World and Nation

Low voter turnout in Sicily suggests anger at politicians

ROME — Sicilians shunned regional elections to renew the island’s Parliament on Sunday in record numbers, in an unequivocal signal of growing disaffection with Italy’s political class, even as the center-left wrested control from center-right parties that had governed the region since 2000.

A little over 47 percent of Sicily’s eligible voters turned out, a record low, down from 67 percent in the 2008 elections, according to the Electoral Office of the Sicily Region. Another pointer of widespread malaise was the surprising success of the Five Star Movement, a nascent protest group. Headed by Beppe Grillo, a sardonic comedian turned political guru, Five Star has surged in a series of local elections this year on a campaign to overthrow the existing political order. With half the ballots counted, the movement had won about 18 percent of the vote.

Grillo campaigned actively in Sicily, swimming across the channel that separates the island from the rest of Italy, scaling its active volcano, Mount Etna, and drawing thousands of Sicilians to campaign rallies for his derisive standup routines. The party’s candidate, Giancarlo Cancelleri, told Sky News on Monday, “It’s possible that we got many protest votes to give a signal to the political parties.” But he also said low turnout “is always a sign of defeat for politics.”

Though local, the elections were closely watched as a possible harbinger of voter intent in national polls next April, when the main political parties appear poised to implode because of internal dissent.

The low turnout and success of a protest movement suggested that public tolerance of Italy’s political class had dramatically dwindled after a series of corruption scandals that brought down regional leaders in Lazio and Lombardy.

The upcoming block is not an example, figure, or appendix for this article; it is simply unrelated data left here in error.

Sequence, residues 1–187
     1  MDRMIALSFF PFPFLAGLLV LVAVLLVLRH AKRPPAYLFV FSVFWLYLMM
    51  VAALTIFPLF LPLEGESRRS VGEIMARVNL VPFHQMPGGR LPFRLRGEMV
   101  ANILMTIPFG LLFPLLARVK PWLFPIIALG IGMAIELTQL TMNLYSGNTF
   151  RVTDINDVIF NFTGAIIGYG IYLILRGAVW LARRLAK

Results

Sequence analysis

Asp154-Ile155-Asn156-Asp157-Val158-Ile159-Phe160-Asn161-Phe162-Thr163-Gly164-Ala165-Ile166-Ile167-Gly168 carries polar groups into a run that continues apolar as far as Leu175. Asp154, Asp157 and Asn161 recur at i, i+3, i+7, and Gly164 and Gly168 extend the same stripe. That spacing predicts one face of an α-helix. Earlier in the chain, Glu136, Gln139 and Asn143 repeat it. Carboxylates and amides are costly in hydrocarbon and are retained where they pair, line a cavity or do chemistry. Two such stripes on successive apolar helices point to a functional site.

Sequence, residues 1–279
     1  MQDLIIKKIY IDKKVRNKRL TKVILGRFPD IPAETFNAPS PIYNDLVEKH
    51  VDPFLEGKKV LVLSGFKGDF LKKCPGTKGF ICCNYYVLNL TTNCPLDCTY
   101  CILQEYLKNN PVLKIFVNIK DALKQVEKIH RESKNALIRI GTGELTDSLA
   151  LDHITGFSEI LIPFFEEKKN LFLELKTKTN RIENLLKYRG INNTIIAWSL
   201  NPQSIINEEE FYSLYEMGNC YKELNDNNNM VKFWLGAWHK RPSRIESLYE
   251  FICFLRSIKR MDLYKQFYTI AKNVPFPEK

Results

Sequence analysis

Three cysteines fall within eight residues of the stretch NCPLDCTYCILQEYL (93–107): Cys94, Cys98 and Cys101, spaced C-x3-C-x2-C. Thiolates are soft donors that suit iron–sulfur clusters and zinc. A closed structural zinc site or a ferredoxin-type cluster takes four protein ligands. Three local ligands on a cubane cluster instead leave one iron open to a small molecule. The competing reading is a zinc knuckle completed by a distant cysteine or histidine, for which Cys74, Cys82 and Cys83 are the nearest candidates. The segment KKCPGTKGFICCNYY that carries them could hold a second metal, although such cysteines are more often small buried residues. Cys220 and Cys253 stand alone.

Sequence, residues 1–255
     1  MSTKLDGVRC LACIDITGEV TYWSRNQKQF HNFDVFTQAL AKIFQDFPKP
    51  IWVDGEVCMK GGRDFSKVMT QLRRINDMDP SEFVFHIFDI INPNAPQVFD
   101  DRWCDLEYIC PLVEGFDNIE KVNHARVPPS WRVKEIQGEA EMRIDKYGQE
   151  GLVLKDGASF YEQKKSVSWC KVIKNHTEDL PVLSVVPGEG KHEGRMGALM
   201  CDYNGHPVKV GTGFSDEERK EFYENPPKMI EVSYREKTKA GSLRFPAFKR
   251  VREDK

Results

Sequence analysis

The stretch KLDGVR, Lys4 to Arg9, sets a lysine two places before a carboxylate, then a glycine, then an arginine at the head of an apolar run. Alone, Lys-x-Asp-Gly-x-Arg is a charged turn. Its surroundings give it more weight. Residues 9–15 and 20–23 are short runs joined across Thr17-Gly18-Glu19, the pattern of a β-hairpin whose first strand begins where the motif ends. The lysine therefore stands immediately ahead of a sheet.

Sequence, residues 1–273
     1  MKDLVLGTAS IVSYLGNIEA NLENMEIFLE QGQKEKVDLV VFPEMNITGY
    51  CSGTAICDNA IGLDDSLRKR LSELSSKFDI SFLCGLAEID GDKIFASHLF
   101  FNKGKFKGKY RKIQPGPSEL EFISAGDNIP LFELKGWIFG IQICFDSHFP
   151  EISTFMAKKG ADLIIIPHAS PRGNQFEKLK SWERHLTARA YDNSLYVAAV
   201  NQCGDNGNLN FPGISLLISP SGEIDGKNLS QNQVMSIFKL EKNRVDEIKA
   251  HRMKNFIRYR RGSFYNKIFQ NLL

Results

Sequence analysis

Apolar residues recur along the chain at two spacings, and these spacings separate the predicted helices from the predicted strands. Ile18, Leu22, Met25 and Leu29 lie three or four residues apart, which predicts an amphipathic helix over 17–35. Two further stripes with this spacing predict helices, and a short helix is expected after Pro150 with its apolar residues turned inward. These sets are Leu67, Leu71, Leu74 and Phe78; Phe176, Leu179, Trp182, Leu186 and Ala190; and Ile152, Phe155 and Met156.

The center-left candidate, Rosario Crocetta, was ahead in the polls at about 30 percent, running on a ballot with a multiparty alliance, while the results dealt a further blow to former Prime Minister Silvio Berlusconi’s People of Liberty party, whose candidate, Sebastiano Musumeci, was struggling to reach a little more than 25 percent of the vote.

Crocetta will have to forge alliances with other parties to have enough seats to form a majority.

The results also reflected Sicily’s own problems, including chronic wastefulness and questionable administrative practices. On Monday, the ratings agency Fitch downgraded Sicily’s credit ratings to the lowest rungs above speculative, or junk, grade.

The departing Sicily president, Raffaele Lombardo, who belongs to the Movement for Autonomy — which calls on Sicily to secede from Italy — and is under investigation on reported Mafia ties, resigned in July as the region struggled to balance its books. He denies the accusations and has not been formally charged.

Sunday’s vote boded badly for Berlusconi’s chosen successor in the People of Liberty party, Angelino Alfano, a Sicilian lawmaker who had largely staked his reputation on the outcome.